IMF Executive Board Completes Third Review Under EFF/ECF Arrangement for Armenia and Approves US$56.1 Million DisbursementPress Release No. 11/461
December 12, 2011
The Executive Board of the International Monetary Fund (IMF) has completed its third review of Armenia’s economic performance under a program supported by Extended Fund Facility (EFF) and Extended Credit Facility (ECF) arrangements.1 The decision enables the authorities to draw an additional SDR 36.2 million (about US$56.1 million), bringing total disbursements under the arrangements to SDR 144.8 million (about US$224.3 million). The three-year SDR 266.8 million (about US$413.4 million) EFF and ECF arrangement with Armenia was approved by the IMF’s Executive Board on June 28, 2010 (see Press Release No. 10/263).
In concluding the review, the Board approved a waiver for non-observance of the end-June 2011 performance criterion on the Central Bank of Armenia’s net domestic assets (NDA), modification of end-December 2011 performance criteria for net international reserves and NDA, and revision of the NDA performance criterion to include a symmetrical adjustor on external financing.
Following the Executive Board's discussion on Armenia, Ms. Nemat Shafik, Deputy Managing Director, stated:
“The Armenian authorities should be commended for continued implementation of sound policies under the Fund-supported program, which have helped underpin the moderation of inflation this year and the continuing post-crisis recovery.
“Fiscal policies have been prudent, with the budget deficit reduced significantly again in 2011, and further consolidation planned for 2012 and beyond. This should help ensure fiscal and debt sustainability and reduce vulnerabilities. The 2012 tax package is welcome, as it will ease the adjustment burden on spending. Further measures are expected in the forthcoming tax strategy paper.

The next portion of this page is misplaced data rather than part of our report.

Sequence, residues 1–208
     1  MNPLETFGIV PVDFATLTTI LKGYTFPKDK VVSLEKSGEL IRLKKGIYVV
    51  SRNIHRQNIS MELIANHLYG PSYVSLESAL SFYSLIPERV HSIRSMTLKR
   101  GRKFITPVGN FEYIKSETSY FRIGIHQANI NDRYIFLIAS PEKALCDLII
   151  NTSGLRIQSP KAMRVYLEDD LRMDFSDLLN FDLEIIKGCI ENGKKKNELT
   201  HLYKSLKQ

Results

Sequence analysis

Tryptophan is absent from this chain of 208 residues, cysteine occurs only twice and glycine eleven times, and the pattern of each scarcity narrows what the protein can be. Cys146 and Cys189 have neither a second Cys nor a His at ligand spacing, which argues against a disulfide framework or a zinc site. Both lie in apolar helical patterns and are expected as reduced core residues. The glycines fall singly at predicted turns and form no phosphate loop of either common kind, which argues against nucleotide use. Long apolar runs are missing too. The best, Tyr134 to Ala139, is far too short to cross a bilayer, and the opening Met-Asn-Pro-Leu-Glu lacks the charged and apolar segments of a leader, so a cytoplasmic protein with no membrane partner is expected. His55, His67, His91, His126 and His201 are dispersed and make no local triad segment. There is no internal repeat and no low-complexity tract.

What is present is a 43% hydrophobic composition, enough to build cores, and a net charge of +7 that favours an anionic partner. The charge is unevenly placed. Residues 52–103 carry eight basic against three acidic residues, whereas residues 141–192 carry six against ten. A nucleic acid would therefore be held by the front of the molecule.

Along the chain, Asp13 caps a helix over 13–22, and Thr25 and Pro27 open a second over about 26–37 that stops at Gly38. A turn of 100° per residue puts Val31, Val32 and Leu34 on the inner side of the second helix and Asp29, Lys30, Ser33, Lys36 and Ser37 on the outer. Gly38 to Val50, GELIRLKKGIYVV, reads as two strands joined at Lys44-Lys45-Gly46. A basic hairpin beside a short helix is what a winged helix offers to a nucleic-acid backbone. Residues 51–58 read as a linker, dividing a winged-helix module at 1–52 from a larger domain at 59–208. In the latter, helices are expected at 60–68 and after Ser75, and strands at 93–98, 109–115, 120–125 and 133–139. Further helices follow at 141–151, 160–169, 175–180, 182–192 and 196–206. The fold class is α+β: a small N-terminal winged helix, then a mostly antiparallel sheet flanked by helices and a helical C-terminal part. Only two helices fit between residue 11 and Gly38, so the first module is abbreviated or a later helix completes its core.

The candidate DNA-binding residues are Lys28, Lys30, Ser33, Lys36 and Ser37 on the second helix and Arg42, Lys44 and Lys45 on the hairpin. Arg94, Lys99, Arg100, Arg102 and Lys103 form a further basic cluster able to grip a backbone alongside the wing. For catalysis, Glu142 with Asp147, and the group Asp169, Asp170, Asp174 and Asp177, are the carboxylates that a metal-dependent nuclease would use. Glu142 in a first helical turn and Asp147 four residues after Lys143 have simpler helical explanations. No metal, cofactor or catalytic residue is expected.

“Monetary policy helped to mitigate inflationary pressures, and more active liquidity management has kept market rates more in line with the policy rate. Further efforts are needed, however, to reduce volatility. While private inflows have continued and banking indicators remain strong, ongoing efforts to improve banking sector monitoring and resilience are welcome.
“Structural reforms will help strengthen growth and contribute to external adjustment. Broad-based reforms should aim at enhancing the business environment and promoting competitiveness, greater productivity, and higher exports. While progress is being made, a decisive breakthrough is needed to reduce regulation, improve transparency and evenhandedness, and promote domestic competition.
“Armenia faces increasing downside risks from the global environment, which may exacerbate its existing vulnerabilities. While the ongoing fiscal adjustment and higher reserves targets have helped strengthen buffers, the elevated post-crisis public debt burden now limits policy space. Timely and prudent policy responses will be needed in the period ahead, involving greater exchange rate flexibility and steadfast progress to strengthen the business environment and increase competitiveness.”
1 The ECF replaced the Poverty Reduction and Growth Facility (PRGF) as the Fund’s main tool for medium-term financial support to low-income countries by providing a higher level of access to financing, more concessional terms, enhanced flexibility in program design features, and more focused streamlined conditionality. Financing under the ECF carries a zero interest rate, with a grace period of 5½ years, and a final maturity of 10 years. (http://www.imf.org/external/np/exr/facts/ecf.htm). The Fund reviews the level of interest rates for all concessional facilities every two years.